DHS mulls shift in cyberczar's power

Homeland Security Department officials are reviewing the status of their cybersecurity chief, a position now vacant following the abrupt resignation of Amit Yoran See GCN story.

Secretary Tom Ridge said yesterday at an industry meeting that the cybersecurity position would be upgraded to the status of assistant secretary.

But this morning, a DHS spokesman said department officials are reviewing legal issues surrounding the possibility of creating a new assistant secretary slot.

'We don't know the details,' spokesman Brian Roehrkasse said. 'The secretary indicated his desire to elevate the status of the current cybersecurity [chief]. However, we have not finalized those details and have a number of options under consideration.'

He added, 'As our organization continues to evolve, we have come to the conclusion that that position needs to be elevated. But we need to evaluate how cybersecurity interacts with physical security.'

DHS officials previously have worked to soften the impact of policy decisions Ridge has blurted out in unexpected places. In July, Ridge unexpectedly announced on a trip in Pennsylvania that the Computer Aided Passenger Prescreening System II project would be canceled. Headquarters officials subsequently backpedaled, saying CAPPS II would be overhauled rather than cancelled.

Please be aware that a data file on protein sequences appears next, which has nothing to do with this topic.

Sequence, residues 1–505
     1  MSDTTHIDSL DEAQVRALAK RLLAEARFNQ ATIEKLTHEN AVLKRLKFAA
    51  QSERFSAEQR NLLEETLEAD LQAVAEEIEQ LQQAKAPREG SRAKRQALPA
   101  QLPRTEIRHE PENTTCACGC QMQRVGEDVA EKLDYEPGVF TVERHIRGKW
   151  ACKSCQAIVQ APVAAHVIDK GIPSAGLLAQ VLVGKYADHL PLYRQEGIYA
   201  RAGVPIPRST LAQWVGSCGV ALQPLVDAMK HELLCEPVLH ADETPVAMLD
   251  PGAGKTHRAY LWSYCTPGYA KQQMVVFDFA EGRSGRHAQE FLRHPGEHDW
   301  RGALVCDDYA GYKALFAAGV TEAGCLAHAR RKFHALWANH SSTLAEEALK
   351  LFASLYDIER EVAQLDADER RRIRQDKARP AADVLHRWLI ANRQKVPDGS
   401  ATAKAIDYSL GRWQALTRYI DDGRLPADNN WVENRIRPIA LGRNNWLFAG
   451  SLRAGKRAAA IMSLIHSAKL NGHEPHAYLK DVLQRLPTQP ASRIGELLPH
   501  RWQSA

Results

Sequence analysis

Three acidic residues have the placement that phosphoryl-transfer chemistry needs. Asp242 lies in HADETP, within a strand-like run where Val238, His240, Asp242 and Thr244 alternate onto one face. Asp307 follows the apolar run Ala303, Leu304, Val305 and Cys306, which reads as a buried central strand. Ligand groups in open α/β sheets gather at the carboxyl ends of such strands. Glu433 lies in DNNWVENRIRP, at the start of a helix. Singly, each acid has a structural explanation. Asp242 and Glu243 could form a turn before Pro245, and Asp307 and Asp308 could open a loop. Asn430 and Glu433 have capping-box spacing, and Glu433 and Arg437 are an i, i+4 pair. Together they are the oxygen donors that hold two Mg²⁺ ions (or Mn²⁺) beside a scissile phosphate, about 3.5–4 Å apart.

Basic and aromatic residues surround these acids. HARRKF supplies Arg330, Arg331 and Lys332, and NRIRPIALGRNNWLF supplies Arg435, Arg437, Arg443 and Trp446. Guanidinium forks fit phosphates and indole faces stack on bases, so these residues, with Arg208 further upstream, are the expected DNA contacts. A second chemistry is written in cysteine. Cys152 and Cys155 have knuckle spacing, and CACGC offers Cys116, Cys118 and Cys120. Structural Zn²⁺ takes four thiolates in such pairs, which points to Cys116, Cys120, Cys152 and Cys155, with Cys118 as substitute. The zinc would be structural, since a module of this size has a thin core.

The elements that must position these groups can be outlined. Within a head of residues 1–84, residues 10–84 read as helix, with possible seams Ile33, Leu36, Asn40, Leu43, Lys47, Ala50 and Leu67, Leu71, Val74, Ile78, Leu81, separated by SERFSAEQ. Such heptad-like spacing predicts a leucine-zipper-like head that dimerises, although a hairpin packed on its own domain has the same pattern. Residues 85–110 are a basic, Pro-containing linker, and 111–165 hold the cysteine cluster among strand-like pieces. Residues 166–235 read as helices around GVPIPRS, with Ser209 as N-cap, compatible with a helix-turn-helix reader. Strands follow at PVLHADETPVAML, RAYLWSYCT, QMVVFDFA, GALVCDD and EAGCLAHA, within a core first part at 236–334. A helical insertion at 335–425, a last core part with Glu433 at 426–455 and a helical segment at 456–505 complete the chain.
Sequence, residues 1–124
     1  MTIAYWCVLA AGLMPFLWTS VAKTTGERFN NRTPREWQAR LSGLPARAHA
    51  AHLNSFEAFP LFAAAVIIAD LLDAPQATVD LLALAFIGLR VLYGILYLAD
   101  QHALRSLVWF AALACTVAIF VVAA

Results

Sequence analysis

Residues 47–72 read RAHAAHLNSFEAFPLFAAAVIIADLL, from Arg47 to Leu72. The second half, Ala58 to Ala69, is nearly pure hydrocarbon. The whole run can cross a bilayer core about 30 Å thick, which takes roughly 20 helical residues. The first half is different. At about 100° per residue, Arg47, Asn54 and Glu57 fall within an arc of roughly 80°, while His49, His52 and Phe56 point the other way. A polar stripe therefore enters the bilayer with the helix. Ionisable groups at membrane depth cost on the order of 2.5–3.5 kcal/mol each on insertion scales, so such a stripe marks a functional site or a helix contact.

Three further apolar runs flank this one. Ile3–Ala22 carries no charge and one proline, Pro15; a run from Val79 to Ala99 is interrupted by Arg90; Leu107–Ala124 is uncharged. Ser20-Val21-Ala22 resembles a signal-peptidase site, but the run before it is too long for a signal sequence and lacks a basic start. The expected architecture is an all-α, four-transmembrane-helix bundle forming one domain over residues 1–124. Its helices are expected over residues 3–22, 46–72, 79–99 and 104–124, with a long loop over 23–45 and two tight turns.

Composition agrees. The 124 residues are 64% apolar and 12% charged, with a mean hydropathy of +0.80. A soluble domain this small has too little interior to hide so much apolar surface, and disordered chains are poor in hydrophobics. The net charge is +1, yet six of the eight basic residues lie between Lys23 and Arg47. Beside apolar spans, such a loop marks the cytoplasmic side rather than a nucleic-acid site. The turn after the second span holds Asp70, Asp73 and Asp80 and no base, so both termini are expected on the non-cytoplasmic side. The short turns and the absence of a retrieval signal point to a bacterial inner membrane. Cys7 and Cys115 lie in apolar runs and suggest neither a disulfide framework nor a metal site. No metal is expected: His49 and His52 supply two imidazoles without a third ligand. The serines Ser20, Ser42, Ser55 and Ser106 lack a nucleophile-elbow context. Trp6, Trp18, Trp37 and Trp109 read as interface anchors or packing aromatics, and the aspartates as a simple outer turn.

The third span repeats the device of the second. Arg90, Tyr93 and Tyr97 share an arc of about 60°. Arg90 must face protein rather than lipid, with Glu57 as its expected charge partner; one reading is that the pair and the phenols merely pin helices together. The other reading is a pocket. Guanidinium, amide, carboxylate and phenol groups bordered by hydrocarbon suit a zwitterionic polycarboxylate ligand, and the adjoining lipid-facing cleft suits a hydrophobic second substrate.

However, by late August, DHS officials had unveiled the Secure Flight project see GCN coverage here to build a system with a totally different technical approach than CAPPS II.

The proposal to upgrade the cybersecurity leadership job met with approval from backers of legislation in Congress to do so and from other observers, reportedly including Yoran himself.

However, approval for the move was not unanimous. James Carafano, senior research fellow at the Heritage Foundation, said, 'I am not terribly in favor of it. In terms of the department's organization, cybersecurity needs to be part of the responsibilities of the chief information officer. You need to think of IT infrastructure holistically.' Carafano said federal homeland security planners shouldn't separate the development of the department's infrastructure with planning and policy development for national cybersecurity.


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